It’s common knowledge that I love fish, so I was eager to tuck into the smoked Haddock morsel! To my surprise, His Nibs was scoffing away quite happily at it too! The fishcake had a thin, crisp crumb coating that revealed a chunky-textured inner comprised of Haddock, potato, and melted cheese. On the palate the smokiness of the fish came through as did the robust cheese note; both were tempered nicely by the creamy flavour from the potato. A small, succulent fillet of Smoked Haddock sat on top of the fishcake, and a moat of Pea veloute added a dash of visual appeal as well as a clean, fresh taste. John had finished the dish with a wedge of fresh Lemon which I readily squeezed over the dish, revelling in its vibrancy.
Our final dish in this initial “course” was the colourful Tomato Tartare dish. Chef desiccates Tomatoes from his own greenhouse; this not only gives them a firmer texture, it also intensifies their superb flavour. On top of the Tomato and Nasturtium seed tapenade was the circle of ash-coated Goats’ cheese; what a brilliant double act this was! The sharp tang of the fresh cheese brought out the full hit of the Tomato, and then the wickedly intense Black Olive puree made its presence known. Our taste buds didn’t know which way to turn! But Chef wasn’t finished yet; the crisp had a great Garlic note to it, punctuated with the heat from the Black Pepper. Ever mindful of the visual element of his art, John had fashioned the crisp into a skeleton leaf shape – almost like he was paying homage to autumn.
The next pair of treats to arrive at our table, nestled carefully on Chefs’ arm, was the Cavolo Nero-bound Chicken and Rabbit Terrine with Strawberry Chutney, and Black Pudding with Purple Tree Spinach, Hedgehog Mushrooms, Egg Yolk, and Vintage Apple and Brandy sauce. What I love about The Blenheim House restaurant is the fact that Chef comes out and talks you through the history and process behind the dish you’re about to eat; I guess with it being such a small team, Chef is integral to it.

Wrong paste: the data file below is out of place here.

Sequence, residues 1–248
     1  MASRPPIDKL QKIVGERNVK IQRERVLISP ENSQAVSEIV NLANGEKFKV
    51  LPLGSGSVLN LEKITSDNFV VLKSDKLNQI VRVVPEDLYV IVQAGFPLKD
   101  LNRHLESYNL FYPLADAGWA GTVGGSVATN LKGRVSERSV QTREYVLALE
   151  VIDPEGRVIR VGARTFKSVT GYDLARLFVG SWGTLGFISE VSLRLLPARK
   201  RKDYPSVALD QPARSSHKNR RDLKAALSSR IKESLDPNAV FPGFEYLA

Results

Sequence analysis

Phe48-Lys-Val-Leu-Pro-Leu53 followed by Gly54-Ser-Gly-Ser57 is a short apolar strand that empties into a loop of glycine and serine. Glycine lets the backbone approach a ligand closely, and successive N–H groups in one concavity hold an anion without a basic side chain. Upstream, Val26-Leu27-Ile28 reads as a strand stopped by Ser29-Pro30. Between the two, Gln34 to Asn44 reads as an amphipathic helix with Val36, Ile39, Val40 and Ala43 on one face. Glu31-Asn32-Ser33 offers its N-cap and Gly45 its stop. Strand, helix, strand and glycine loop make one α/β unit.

Chef John told us that they smoke their own (duck) fat for the Black Pudding and source the blood from the village butcher for it too. The Hedgehog Mushrooms grow on fallen Beech trees within his allotment and the Apple sauce came about 2 years ago, due to a glut of Apples that year that needed using! Purple Tree Spinach isn’t something I’d encountered before; again this is something Chef grows in his garden. The taste of this vegetable is somewhere between Cabbage and Spinach, but it doesn’t wilt to the same extent as Spinach when it’s cooked. The pairing of earthy Black Pud went superbly with the rich creamy yolk of the hens’ egg. Therein lies another tale!
John will offer a trade to local food producers, so he gets the hens eggs from a local chap and his wife because supermarkets won’t accept double-yolked eggs that often come from hens when they first get laying. Crazy eh?! Their loss =The Blenheim House kitchens’ gain. As it happens, this egg producer and his beautiful wife came in to dine and sat at the neighbouring table! Much banter between the men ensued, making for a laughter-filled evening.
Stupendously rich Chicken Liver parfait partnered the pieces of Rabbit, and both were bound by Cavolo Nero (Italian Black Cabbage). This terrine was just marvellous and its decadence assuaged with a deceptively dark Strawberry Chutney. I say dark because we associate this fruit with a light perfumed summer taste, yet here it was more intense in taste and less sweet thanks to its alliance with spices and vinegar within its journey to become Chutney. Taste-wise this dish was a great balance of tastes and textures; sweet, sour and spicy.
Our savoury travels weren’t over yet - no point even thinking about dessert as Fish, Lamb, Duck, and cured meat was yet to come!
Hake from the south coast was served with leeks and Trombetti Squash dug from Johns’ allotment the day before, wild Mushrooms, and Gnocchi (comfort food of the gods’!). The fish was sweet-fleshed and succulent and paired fabulously with the delicate nutty, artichoke-esque flavour of the squash and the earthiness of wild Mushrooms. Delicious.